Last week, on the eve of his one-year anniversary as Denver's Manager of Safety, Alex Martinez told us that one of the next big goals for his office is pushing the Civil Service Commission to implement serious reforms -- and he said he's not entirely confident about how things will go. Commission head Earl Peterson says he's perplexed by the criticisms, especially because he'd just had a productive meeting with Martinez.
As the city's Manager of Safety, a position granted civilian authority over Denver police, fire and sheriff departments, Martinez has frequently been critical of the Civil Service Commission, which is responsible for administering testing processes for positions in those departments and also oversees hearing disciplinary appeals.
The problem, according to Martinez -- who also has the support of Mayor Michael Hancock and the City Attorney's office -- is that the Civil Service Commission has been essentially conducting full-fledged trials at the hearing-officer level -- and he believes the group is not equipped to do so. The commission, he said, has been addressing complex legal questions and often producing its own independent findings that ignore the lengthy investigations by the police department and the Manager of Safety's office. This results in inconsistencies and, on occasion, very wrong decisions, Martinez believes.
All of this ties back to longstanding concerns about police brutality cases in Denver. Martinez said reforming the Civil Service Commission's process is key to restoring the reputation of city law enforcement on the whole.
Which is why, Martinez told us, he's worried that the Civil Service Commission may not make the substantive changes he thinks are necessary. He feels DCSC will agree to some reforms, but is not sure it will go far enough.
Asked for response to these concerns last week, commission executive director Earl Peterson said he is surprised to hear that Martinez expressed any lack of confidence. When we reached him, he had just returned from a lengthy sit-down with Martinez that he saw as generally very positive.
"I'm perplexed, because we had a meeting today," he said. "Quite frankly, I was extremely pleased by the results of the meeting."
Peterson added, "He may have gone in with some reservations, but I hope he came out with a better feeling [about reform goals]."
The DCSC and Martinez are not going to agree on everything, he said -- but in his view, the two entities have visions for reform that are generally aligned.
Officials with the Manager of Safety's office offered no additional comments beyond our first interview.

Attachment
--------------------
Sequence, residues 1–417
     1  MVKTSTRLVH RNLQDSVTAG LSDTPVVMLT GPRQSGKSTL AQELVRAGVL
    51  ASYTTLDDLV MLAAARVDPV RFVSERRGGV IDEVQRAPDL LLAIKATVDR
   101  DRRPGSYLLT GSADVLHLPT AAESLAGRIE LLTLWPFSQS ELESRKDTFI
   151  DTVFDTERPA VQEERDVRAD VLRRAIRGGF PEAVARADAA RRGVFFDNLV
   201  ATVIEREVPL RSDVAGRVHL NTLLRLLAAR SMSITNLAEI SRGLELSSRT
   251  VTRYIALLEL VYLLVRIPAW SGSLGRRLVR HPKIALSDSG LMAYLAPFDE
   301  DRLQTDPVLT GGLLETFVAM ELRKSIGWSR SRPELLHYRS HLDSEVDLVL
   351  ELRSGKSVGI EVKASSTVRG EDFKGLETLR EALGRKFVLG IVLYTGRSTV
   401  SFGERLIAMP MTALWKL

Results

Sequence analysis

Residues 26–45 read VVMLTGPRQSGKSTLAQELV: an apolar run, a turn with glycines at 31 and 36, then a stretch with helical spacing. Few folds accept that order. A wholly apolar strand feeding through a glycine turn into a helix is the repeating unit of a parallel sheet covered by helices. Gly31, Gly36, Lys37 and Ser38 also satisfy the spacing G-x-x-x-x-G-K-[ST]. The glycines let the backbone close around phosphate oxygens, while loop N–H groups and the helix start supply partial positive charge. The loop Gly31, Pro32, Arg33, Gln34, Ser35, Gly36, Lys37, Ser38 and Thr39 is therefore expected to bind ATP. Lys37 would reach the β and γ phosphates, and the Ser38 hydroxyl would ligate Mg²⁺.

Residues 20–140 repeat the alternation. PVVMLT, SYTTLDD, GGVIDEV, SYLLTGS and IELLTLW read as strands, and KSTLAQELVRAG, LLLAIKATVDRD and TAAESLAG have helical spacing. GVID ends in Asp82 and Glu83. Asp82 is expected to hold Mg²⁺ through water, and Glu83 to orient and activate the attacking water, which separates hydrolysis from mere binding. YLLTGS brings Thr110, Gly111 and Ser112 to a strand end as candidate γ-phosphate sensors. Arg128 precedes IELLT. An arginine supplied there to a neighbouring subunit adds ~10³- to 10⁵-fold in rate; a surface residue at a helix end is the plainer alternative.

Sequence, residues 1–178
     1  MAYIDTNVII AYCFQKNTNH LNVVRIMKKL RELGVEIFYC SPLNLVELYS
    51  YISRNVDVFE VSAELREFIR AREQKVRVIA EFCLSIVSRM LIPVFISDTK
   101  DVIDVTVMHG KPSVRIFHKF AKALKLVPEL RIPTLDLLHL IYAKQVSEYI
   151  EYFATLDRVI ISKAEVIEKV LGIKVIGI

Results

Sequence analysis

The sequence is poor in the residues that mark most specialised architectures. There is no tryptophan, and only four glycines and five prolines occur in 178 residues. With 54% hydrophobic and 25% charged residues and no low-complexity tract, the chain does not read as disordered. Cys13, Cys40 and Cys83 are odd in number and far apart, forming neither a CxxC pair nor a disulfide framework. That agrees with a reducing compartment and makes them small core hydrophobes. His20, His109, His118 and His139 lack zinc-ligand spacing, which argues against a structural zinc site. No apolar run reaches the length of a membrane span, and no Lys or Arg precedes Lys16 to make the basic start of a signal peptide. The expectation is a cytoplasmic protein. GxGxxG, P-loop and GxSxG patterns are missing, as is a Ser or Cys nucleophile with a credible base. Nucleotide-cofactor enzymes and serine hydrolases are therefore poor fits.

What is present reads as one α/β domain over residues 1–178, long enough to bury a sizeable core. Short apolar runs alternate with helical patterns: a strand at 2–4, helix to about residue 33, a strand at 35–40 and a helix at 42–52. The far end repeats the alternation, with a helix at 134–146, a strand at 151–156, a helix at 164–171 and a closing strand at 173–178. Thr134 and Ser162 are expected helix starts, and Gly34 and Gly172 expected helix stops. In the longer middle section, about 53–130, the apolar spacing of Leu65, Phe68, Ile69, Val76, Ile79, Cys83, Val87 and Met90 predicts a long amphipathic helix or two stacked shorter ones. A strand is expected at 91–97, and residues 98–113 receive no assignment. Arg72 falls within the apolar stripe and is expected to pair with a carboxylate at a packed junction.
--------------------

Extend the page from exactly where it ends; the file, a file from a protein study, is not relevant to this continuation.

Continue for more from our interview with the Civil Service Commission's Earl Peterson. "Would I tell you that the Manager's going to get 100 percent of what he is asking for? I'd said certainly the majority of it, maybe not verbatim...but we have to work through this collaboratively," noted Peterson, who agrees that the work of the hearing officers has become way too broad.
"We're gonna get away from this litigious process," he said. "This thing has turned into a monster that's developed over the years.... We're going to address that and the manager can rest assured."
Martinez wants to see the Civil Service Commission give much greater consideration to the Manager of Safety's lengthy review of cases, which he believes should generally be sufficient. His overall goal is to streamline the process, so that investigations don't drag on so long -- a source of controversy with cases like 2009 macing at the Denver Diner.
Peterson said he agrees, but added that DCSC must make sure the process for officers facing disciplinary hearings remains just.
"We do have a responsibility to make sure the officers...are treated fairly...and as a commission, we are going to hold them accountable for bad behavior," he said. "We also expect the Manager to provide good, solid rationale.... Any manager that terminates someone has to have good, sound justification."
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Employees should also have a fair opportunity to respond if they disagree with the findings of the Manager of Safety.
Peterson said that, at the end of the day, "This office is not here to protect bad officers or terminate good officers."
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